Much of the running time is concerned with the group’s journey to a variety of spots during the night, and the discussions that take place when they arrive at their destinations. The search is a primary concern of Ceylan’s, but while it seems as if little of note is actually happening the exact opposite is the case: a series of long conversations – the director is fond of scenes that can last for up to 10 or 15 minutes apiece, a construct that distances his films from the mainstream and is designed to attract patient viewers – take place between characters, principally involving Uzuner’s doctor, and gradually their personalities and their relationships are either clearly established or enigmatically built up, leaving the viewer with a general idea of what these men think of one another while also leaving some unanswered questions. In these scenes the doctor and Birsel’s prosecutor engage in lengthy dialogue about a separate issue regarding a woman’s heart attack, while Kenan eventually reveals what happened during the night of the murder, the brief (and understated) revelation raising the possibility that he came forward to the police and gave himself up. The group stops for food and shelter at the house of a local mayor, and several characters become briefly entranced by the mayor’s daughter, before the search continues the next morning; eventually the action (for want of a better term) moves from the open land to the town of Keskin.
Rather unusually this is a crime drama that avoids all the obvious elements of a crime drama; i.e. we don’t see the murder in question occur, or the subsequent early stages of the police investigation, or the suspects being arrested, or their trial. Instead Ceylan picks out the less interesting, more mundane aspects of police procedure: the hours spent waiting or driving around searching for crucial evidence; the satisfaction of legal procedure, embodied by the prosecutor, who gives dictates at length to an official recorder; and the autopsy of the body, a task that is usually unseen in films, most of which tend to spin on to the moment that a detective arrives at a morgue and conveniently receives key information that moves the plot forward (whereas here some vaugely revelatory information is quickly buried). The idea of watching a film that closely resembles the reality of a murder investigation, rather than the usual depiction of a sensationalised, stripped down adventure, is probably anathema to a lot of people, and I guess the idea of searching for the devil among the details for 150 minutes is too. Additionally the thought of sitting through an extremely slow, brooding piece that revels in long conversations that highlight the monotony of life will probably put even more off, but personally I have been very impressed by what I’ve seen of Ceylan’s films; the combination of pace and length is something I find a challenge, but it doesn’t put me off, and I’d rather be challenged by the films I watch than not. I’m most impressed by the way they look: each featuring alluring combinations of beautifully-lit, warm-looking interiors and distant shots of figures moving across spectacular vistas or traversing town streets. The acting across both films I’ve watched has been uniformly excellent, and the writing has thrown up a number of well-drawn, interesting characters as well. The Sergio Leone-referencing title seems like an odd choice, though, unless it was deliberately chosen to entice an international audience; I guess the landscape of Once Upon A Time In Anatolia is similar to that of Once Upon A Time In The West, but if there’s another link I’m afraid it has gone over my head.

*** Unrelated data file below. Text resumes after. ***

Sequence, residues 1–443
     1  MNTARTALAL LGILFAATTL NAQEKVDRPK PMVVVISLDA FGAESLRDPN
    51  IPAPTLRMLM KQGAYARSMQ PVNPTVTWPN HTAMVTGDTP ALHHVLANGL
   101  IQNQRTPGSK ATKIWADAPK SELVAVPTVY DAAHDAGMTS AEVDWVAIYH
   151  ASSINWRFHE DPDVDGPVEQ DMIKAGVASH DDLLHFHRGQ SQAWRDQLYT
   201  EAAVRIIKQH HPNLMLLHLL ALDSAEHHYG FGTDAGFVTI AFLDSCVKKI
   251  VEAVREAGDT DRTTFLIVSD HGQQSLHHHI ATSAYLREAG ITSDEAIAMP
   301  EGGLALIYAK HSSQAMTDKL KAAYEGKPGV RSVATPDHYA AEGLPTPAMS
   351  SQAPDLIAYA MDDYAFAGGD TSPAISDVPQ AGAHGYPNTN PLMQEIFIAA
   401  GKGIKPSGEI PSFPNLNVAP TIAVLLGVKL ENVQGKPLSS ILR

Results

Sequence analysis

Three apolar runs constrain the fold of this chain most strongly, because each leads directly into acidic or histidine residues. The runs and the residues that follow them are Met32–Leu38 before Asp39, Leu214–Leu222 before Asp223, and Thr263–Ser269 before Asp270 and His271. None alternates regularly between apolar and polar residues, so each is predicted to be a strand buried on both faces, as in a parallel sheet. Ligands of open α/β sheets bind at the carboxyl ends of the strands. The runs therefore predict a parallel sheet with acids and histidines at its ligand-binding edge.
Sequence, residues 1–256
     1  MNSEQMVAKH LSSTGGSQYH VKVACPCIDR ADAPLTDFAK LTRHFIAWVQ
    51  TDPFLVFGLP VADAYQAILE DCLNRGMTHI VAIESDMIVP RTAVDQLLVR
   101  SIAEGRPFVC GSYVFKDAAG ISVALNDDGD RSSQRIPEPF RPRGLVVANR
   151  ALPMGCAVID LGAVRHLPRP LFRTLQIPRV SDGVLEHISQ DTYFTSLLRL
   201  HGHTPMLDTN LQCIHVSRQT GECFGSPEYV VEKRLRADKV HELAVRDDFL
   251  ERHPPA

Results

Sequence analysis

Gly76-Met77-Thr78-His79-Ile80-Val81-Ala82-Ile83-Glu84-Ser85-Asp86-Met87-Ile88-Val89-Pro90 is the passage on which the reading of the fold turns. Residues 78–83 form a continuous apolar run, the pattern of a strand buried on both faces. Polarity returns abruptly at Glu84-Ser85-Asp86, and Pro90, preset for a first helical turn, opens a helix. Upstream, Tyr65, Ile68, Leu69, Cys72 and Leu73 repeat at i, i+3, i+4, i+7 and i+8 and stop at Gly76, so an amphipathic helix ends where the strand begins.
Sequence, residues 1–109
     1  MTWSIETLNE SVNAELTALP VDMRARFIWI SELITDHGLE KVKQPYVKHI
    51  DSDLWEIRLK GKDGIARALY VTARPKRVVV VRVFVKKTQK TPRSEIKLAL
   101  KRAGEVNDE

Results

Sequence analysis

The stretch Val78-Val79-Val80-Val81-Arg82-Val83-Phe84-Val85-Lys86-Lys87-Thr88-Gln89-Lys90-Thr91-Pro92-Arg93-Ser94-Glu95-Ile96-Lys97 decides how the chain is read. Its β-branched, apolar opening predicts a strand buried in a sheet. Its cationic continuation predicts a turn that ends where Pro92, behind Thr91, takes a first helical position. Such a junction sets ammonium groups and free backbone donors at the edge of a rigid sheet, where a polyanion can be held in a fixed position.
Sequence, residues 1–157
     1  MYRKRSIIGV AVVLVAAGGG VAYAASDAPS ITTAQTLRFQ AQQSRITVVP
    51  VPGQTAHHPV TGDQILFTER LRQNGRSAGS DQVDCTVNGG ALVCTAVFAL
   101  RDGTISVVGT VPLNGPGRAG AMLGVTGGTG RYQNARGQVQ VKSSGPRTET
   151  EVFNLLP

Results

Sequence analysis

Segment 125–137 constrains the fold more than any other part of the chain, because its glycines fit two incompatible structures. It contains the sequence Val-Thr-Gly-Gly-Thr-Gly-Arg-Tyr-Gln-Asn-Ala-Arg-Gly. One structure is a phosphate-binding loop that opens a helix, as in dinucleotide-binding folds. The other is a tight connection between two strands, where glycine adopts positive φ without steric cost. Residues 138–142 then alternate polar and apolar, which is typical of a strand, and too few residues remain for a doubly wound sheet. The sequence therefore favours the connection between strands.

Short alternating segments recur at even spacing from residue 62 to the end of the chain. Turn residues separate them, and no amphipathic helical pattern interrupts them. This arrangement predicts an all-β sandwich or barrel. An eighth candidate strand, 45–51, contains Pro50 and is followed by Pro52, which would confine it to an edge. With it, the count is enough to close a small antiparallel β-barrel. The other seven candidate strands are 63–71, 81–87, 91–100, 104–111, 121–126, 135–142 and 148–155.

Directed by: Nuri Bilge Ceylan.
Written by: Ebru Ceylan, Nuri Bilge Ceylan, Ercan Kesal.
Starring: Muhammet Uzuner, Yılmaz Erdoğan, Taner Birsel, Fırat Tanış.
Cinematography: Gökhan Tiryaki.
Editing: Bora Gökşingöl, Nuri Bilge Ceylan.
Running Time: 150 minutes.